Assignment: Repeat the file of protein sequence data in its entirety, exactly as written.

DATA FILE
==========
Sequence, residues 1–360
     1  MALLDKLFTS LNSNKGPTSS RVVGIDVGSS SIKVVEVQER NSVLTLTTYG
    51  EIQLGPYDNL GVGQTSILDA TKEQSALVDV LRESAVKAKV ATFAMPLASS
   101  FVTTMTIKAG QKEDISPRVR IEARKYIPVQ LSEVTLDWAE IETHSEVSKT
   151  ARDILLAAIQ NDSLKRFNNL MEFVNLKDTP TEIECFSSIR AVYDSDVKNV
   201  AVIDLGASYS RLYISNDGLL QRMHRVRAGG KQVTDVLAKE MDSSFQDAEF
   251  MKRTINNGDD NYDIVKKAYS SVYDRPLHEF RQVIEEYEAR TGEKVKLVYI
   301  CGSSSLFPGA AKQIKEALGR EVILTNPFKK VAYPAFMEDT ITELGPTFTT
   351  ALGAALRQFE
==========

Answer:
Sequence, residues 1–360
     1  MALLDKLFTS LNSNKGPTSS RVVGIDVGSS SIKVVEVQER NSVLTLTTYG
    51  EIQLGPYDNL GVGQTSILDA TKEQSALVDV LRESAVKAKV ATFAMPLASS
   101  FVTTMTIKAG QKEDISPRVR IEARKYIPVQ LSEVTLDWAE IETHSEVSKT
   151  ARDILLAAIQ NDSLKRFNNL MEFVNLKDTP TEIECFSSIR AVYDSDVKNV
   201  AVIDLGASYS RLYISNDGLL QRMHRVRAGG KQVTDVLAKE MDSSFQDAEF
   251  MKRTINNGDD NYDIVKKAYS SVYDRPLHEF RQVIEEYEAR TGEKVKLVYI
   301  CGSSSLFPGA AKQIKEALGR EVILTNPFKK VAYPAFMEDT ITELGPTFTT
   351  ALGAALRQFE